Treatment and Patient Guidance in Vitiligo

Nada Elbuluk, MD, and David Rosmarin, MD, discuss the role of the health care provider in helping patients understand their vitiligo and treatment options.

Nada Elbuluk, MD: The other thing you brought up, which is important, is finding out what their goal is. I always ask the patient, “What’s your goal from your visit today? What made you come in?” Someone might come in at the onset of the first white spot they notice, but someone else who comes in has had it for decades. Sometimes they’re coming because they want to know, is there anything new? Has anything changed? Not every patient is seeking treatment, although many are. The majority of mine who come to clinic are. Many of these people have been told that not much can be done. Or they might have tried something for a limited time and failed. I try to make it an educational experience. I find out what they’re looking for so that, at the end of the visit, I’ll feel I accomplished their goals.

David Rosmarin, MD: You hit the nail on the head. A lot of education takes place during these visits. I want to build on what you commented on, for quality of life. Our measures show that, when patients have it in exposed areas, that tends to affect their quality of life. Even more so than in the exposed areas if patients have progressive or unstable disease. They have anxiety over not knowing when they’ll get a new spot. The unpredictability that happens with nonsegmental vitiligo can be quite bothersome to patients, more than even having their disease in the first place. But it’s always important to find out, what’s the goal of the patient? Some may be happy with halting the progression. The majority, in my experience, would like their pigment back.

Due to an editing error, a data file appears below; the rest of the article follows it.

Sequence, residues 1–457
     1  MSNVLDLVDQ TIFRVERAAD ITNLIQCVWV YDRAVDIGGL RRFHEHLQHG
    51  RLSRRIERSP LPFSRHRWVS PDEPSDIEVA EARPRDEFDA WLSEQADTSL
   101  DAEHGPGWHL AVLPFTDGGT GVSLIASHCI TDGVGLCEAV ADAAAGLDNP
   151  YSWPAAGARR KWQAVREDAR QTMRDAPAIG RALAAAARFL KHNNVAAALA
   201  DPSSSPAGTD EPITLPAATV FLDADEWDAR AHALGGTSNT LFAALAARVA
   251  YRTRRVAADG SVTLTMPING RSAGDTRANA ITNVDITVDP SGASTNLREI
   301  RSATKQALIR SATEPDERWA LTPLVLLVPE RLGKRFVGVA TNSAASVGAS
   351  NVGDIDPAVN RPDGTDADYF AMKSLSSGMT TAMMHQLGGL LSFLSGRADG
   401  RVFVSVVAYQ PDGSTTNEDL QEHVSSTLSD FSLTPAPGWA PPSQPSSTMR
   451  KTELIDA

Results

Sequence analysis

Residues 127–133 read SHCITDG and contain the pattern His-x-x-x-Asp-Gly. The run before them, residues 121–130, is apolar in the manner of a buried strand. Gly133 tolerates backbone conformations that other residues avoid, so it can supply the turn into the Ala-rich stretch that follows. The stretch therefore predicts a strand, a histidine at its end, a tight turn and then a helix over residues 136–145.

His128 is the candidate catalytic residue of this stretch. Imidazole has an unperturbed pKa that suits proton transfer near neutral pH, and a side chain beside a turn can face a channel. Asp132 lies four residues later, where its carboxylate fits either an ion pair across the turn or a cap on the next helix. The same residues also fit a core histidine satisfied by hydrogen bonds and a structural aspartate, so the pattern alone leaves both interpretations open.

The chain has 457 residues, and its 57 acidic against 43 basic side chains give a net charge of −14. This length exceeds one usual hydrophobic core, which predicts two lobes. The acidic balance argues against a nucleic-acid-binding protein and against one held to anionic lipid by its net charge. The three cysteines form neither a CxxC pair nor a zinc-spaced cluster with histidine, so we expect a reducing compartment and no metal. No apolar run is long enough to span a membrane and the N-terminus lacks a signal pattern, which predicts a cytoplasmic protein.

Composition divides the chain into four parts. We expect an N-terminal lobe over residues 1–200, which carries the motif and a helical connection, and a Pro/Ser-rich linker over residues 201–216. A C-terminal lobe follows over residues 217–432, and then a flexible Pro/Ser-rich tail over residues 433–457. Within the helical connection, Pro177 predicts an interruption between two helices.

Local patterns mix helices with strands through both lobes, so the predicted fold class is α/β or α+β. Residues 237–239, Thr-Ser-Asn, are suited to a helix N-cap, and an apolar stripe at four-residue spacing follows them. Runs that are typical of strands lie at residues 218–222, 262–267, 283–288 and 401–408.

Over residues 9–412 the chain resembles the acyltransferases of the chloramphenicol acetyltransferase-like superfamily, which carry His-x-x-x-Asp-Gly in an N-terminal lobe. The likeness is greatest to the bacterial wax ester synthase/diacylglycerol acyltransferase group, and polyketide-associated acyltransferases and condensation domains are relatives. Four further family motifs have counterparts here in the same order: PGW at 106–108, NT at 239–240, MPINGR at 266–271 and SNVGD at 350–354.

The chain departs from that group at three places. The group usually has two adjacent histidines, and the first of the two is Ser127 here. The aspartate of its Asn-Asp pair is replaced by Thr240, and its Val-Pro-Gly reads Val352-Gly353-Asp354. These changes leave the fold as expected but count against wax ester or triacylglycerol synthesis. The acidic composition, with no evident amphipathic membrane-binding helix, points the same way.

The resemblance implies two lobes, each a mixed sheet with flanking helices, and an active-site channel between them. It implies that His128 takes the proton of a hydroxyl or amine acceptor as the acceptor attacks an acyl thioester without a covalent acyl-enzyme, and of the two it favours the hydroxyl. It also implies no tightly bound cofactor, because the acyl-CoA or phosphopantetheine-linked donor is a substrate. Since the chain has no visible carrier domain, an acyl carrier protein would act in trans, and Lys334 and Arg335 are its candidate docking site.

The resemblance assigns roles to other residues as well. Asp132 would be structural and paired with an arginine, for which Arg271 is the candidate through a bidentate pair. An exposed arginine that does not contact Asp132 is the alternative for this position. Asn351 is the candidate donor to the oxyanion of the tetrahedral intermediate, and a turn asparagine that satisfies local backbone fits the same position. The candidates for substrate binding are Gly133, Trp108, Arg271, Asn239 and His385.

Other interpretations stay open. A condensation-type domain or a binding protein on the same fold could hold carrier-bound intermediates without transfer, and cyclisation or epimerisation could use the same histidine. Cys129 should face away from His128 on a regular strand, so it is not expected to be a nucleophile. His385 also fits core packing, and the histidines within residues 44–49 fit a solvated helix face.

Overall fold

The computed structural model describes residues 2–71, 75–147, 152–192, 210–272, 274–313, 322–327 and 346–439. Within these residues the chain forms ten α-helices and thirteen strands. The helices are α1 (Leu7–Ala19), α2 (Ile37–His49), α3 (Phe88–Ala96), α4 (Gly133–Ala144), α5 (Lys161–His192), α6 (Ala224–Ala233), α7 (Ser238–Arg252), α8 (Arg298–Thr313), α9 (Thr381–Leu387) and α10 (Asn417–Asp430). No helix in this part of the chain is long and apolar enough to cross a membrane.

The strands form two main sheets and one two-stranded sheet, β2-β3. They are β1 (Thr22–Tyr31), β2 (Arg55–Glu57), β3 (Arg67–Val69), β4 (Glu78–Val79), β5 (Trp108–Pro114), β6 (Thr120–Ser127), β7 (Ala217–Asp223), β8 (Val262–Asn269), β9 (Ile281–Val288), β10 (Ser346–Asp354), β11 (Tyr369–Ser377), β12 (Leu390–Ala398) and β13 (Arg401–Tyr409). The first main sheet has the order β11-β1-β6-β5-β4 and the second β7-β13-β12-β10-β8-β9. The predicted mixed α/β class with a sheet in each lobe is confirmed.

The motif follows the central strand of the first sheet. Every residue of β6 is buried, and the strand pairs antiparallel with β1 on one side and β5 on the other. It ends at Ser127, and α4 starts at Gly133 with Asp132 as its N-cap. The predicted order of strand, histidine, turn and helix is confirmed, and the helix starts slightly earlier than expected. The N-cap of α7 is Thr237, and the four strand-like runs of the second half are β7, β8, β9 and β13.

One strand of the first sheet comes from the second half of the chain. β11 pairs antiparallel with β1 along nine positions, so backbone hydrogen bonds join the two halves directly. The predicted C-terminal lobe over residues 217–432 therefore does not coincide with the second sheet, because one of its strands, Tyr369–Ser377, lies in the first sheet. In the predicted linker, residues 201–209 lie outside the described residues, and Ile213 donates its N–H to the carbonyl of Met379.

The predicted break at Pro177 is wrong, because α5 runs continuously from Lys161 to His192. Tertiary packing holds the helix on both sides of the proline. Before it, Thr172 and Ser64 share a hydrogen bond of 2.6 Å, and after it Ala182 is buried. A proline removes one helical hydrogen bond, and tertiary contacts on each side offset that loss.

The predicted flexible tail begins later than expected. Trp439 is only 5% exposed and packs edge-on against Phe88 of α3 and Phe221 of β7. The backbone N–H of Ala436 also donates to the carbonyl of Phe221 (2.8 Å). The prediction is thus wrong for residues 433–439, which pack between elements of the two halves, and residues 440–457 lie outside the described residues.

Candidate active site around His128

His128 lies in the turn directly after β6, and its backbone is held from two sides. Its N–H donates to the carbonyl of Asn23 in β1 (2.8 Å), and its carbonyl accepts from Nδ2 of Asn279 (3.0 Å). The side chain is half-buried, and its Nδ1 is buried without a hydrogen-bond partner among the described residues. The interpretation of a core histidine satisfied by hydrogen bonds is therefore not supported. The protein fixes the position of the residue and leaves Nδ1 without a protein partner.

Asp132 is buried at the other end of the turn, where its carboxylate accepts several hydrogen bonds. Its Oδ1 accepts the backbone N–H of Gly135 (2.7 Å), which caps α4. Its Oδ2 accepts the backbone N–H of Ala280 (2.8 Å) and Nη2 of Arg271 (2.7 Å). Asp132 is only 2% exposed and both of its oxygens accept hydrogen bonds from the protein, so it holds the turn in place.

Nada Elbuluk, MD: I agree. For a lot of people, we give them hope that there are options. There’s a lot of misperception out there. Even patients who’ve been seen by physicians have sometimes been told there’s not much that can be done, that they have to live with this. That’s not the case. We don’t have a cure for vitiligo, but we have treatment options, many of which can be effective, many of which can bring pigmentation back. I try to give them that hope. I explain that it’s not a fast process. It doesn’t happen overnight. It involves time, the work of them doing the treatment and complying with it. If they’re OK with putting in that work, many people do well with that. It’s important to make that clear to patients.

David Rosmarin, MD: We view repigmentation as a 2-step process. It takes only an overactive immune system to destroy the pigment cells. To get them back, first you need to make the environment more hospitable and calm the immune system down. Second, to have that normal skin color back, those pigment cells, or melanocytes, have to migrate back to the white patches, to the depigmented skin. That process takes more time. It usually comes from the follicles, so follicularly dense areas like the head and neck are more rapid and easier to repigment and more glabrous areas that lack follicles are much more challenging to repigment.